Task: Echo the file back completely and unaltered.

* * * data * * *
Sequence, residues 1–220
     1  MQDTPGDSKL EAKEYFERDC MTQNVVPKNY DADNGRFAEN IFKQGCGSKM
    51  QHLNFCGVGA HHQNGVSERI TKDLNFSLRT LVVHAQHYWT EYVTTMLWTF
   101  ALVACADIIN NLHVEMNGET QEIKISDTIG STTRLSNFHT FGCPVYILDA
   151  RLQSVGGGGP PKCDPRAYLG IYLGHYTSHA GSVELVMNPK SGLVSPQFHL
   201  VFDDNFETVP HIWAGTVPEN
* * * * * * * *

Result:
Sequence, residues 1–220
     1  MQDTPGDSKL EAKEYFERDC MTQNVVPKNY DADNGRFAEN IFKQGCGSKM
    51  QHLNFCGVGA HHQNGVSERI TKDLNFSLRT LVVHAQHYWT EYVTTMLWTF
   101  ALVACADIIN NLHVEMNGET QEIKISDTIG STTRLSNFHT FGCPVYILDA
   151  RLQSVGGGGP PKCDPRAYLG IYLGHYTSHA GSVELVMNPK SGLVSPQFHL
   201  VFDDNFETVP HIWAGTVPEN